Terraform keeps track of the previous state of the deployment and applies incremental changes, resulting in faster deployment times.

Terraform allows us to share reusable modules between projects. We have built an impressive library of modules internally, which makes it very easy to assemble a new project from pre-fabricated building blocks.

Disadvantages

Software is imperfect, and Terraform is no exception. Occasionally we hit annoying bugs that we have to work around. The interaction with any underlying APIs is encapsulated inside 3rd party Terraform providers, and any bug fixes or new features require a provider release. Some providers have very poor coverage of the underlying APIs.

Terraform is not great for managing highly dynamic parts of cloud environments. That part is better delegated to other tools or scripts.

Terraform state may go out of sync with the target environment or with the source configuration, which often results in painful reconciliation.

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I personally am not a huge fan of vendor lock in for multiple reasons:

  • I've seen cost saving moves to the cloud end up costing a fortune and trapping companies due to over utilization of cloud specific features.
  • I've seen S3 failures nearly take down half the internet.
  • I've seen companies get stuck in the cloud because they aren't built cloud agnostic.

I choose to use terraform for my cloud provisioning for these reasons:

  • It's cloud agnostic so I can use it no matter where I am.
  • It isn't difficult to use and uses a relatively easy to read language.
  • It tests infrastructure before running it, and enables me to see and keep changes up to date.
  • It runs from the same CLI I do most of my CM work from.
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Pros of Amazon EC2 Container Service
Pros of AWS CloudFormation
  • 99
    Backed by amazon
  • 71
    Familiar to ec2
  • 53
    Cluster based
  • 42
    Simple API
  • 26
    Iam roles
  • 7
    Cluster management
  • 7
    Programmatic Control
  • 7
    Scheduler
  • 4
    Socker support
  • 4
    Container-enabled applications
  • 1
    No additional cost
  • 1
    Easy to use and cheap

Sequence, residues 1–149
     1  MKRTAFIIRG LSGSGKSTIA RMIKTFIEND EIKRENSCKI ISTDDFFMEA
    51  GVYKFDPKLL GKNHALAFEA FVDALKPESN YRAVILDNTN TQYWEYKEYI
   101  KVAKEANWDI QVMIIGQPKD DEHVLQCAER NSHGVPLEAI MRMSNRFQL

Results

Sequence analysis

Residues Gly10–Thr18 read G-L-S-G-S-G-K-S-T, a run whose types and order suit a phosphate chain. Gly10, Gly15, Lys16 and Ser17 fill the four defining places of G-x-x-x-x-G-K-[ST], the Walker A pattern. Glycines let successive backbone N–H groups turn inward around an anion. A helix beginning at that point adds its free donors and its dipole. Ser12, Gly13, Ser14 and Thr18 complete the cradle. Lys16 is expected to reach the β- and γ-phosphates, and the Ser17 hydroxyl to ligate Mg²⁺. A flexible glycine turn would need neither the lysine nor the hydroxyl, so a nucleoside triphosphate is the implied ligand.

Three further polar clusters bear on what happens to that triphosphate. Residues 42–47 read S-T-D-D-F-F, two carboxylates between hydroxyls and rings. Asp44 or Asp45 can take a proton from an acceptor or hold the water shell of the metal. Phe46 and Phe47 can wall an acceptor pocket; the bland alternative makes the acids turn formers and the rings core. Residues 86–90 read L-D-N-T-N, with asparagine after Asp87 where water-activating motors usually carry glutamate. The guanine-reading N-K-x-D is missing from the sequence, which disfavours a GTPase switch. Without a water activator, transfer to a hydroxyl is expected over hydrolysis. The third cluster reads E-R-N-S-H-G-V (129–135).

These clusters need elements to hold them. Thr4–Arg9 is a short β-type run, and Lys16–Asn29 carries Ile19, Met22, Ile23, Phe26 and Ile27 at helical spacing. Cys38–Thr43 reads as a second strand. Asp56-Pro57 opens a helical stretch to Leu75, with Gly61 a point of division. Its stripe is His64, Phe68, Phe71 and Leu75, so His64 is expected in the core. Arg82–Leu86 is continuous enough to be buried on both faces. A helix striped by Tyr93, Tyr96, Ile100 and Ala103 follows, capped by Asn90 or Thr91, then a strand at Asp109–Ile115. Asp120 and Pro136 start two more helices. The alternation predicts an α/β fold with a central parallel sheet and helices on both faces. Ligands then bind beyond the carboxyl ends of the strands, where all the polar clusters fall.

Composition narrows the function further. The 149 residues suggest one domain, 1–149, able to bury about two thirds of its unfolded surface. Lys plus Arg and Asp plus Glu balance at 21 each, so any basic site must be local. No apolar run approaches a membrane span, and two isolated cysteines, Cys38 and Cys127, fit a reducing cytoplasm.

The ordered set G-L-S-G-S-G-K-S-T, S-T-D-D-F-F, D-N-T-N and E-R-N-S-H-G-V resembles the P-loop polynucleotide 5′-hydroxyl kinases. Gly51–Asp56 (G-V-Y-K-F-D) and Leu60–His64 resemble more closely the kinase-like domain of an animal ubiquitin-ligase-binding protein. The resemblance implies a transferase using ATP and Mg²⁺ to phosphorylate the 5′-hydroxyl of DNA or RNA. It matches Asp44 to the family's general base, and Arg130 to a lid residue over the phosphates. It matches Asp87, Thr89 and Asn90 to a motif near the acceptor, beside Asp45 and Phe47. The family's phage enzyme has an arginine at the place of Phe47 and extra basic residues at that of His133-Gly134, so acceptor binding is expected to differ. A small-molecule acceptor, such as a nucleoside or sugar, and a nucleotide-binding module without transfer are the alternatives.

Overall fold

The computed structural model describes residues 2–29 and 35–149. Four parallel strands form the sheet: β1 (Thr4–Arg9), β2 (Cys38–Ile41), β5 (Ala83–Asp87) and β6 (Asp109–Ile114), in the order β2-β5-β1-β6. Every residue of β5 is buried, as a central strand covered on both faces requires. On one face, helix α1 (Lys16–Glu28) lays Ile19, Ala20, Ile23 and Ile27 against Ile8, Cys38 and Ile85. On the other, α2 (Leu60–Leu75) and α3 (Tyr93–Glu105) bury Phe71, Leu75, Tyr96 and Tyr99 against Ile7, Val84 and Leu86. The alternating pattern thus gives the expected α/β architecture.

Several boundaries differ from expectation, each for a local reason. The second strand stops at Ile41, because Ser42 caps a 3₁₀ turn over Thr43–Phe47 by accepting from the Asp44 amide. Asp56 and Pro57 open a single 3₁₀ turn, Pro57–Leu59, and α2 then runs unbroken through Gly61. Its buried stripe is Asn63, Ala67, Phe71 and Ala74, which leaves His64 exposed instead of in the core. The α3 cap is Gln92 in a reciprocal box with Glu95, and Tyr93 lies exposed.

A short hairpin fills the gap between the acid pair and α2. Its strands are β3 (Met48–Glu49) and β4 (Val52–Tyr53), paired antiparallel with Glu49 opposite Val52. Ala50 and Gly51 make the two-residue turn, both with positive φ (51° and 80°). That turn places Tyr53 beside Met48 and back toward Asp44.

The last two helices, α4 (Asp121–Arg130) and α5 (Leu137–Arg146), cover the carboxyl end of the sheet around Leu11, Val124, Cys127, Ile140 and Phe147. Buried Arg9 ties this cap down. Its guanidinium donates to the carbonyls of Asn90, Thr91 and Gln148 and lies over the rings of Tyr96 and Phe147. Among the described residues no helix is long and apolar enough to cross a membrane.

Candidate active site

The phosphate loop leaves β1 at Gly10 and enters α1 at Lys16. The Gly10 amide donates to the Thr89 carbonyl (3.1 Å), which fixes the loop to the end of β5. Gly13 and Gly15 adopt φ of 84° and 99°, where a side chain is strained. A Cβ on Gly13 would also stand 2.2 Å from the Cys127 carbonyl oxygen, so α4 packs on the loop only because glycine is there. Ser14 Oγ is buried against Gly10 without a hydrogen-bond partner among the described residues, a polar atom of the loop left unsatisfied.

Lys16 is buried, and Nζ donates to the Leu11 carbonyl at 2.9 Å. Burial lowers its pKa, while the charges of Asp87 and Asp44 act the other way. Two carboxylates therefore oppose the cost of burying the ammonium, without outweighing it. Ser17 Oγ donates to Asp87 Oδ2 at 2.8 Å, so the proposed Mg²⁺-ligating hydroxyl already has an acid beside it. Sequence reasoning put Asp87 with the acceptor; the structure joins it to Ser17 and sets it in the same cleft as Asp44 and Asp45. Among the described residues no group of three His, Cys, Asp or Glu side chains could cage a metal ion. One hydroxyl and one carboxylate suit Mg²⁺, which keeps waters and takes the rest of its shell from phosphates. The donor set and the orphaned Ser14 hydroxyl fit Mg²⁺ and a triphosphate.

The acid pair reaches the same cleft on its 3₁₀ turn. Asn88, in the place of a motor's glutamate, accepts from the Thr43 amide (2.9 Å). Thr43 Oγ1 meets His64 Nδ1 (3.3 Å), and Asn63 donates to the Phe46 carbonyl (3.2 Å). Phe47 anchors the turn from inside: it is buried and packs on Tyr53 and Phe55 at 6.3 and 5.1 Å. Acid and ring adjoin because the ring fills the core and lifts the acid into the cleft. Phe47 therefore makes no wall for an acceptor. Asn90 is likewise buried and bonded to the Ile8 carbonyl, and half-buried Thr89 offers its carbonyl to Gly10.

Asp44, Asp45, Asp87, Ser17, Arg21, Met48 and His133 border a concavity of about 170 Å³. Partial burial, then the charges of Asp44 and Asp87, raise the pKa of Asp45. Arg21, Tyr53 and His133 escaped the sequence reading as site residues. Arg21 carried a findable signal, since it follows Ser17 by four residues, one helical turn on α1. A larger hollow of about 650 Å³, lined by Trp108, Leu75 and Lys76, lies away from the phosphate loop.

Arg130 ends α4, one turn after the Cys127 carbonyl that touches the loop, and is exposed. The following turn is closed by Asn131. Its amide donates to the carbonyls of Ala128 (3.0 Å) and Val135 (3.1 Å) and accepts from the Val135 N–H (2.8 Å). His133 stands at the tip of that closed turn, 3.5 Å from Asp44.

• 42
    Automates infrastructure deployments
  • 21
    Declarative infrastructure and deployment
  • 13
    No more clicking around
  • 3
    Any Operative System you want
  • 3
    Infrastructure as code
  • 3
    Atomic
  • 1
    Automates Infrastructure Deployment
  • 1
    CDK makes it truly infrastructure-as-code

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Cons of Amazon EC2 Container Service
Cons of AWS CloudFormation
    Be the first to leave a con
    • 4
      Brittle
    • 2
      No RBAC and policies in templates

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    What is Amazon EC2 Container Service?

    Amazon EC2 Container Service lets you launch and stop container-enabled applications with simple API calls, allows you to query the state of your cluster from a centralized service, and gives you access to many familiar Amazon EC2 features like security groups, EBS volumes and IAM roles.

    What is AWS CloudFormation?

    You can use AWS CloudFormation’s sample templates or create your own templates to describe the AWS resources, and any associated dependencies or runtime parameters, required to run your application. You don’t need to figure out the order in which AWS services need to be provisioned or the subtleties of how to make those dependencies work.

    Need advice about which tool to choose?Ask the StackShare community!

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    What are some alternatives to Amazon EC2 Container Service and AWS CloudFormation?
    Kubernetes
    Kubernetes is an open source orchestration system for Docker containers. It handles scheduling onto nodes in a compute cluster and actively manages workloads to ensure that their state matches the users declared intentions.
    Google Kubernetes Engine
    Container Engine takes care of provisioning and maintaining the underlying virtual machine cluster, scaling your application, and operational logistics like logging, monitoring, and health management.
    Amazon EKS
    Amazon Elastic Container Service for Kubernetes (Amazon EKS) is a managed service that makes it easy for you to run Kubernetes on AWS without needing to install and operate your own Kubernetes clusters.
    AWS Fargate
    AWS Fargate is a technology for Amazon ECS and EKS* that allows you to run containers without having to manage servers or clusters. With AWS Fargate, you no longer have to provision, configure, and scale clusters of virtual machines to run containers.
    Azure Kubernetes Service
    Deploy and manage containerized applications more easily with a fully managed Kubernetes service. It offers serverless Kubernetes, an integrated continuous integration and continuous delivery (CI/CD) experience, and enterprise-grade security and governance. Unite your development and operations teams on a single platform to rapidly build, deliver, and scale applications with confidence.
    See all alternatives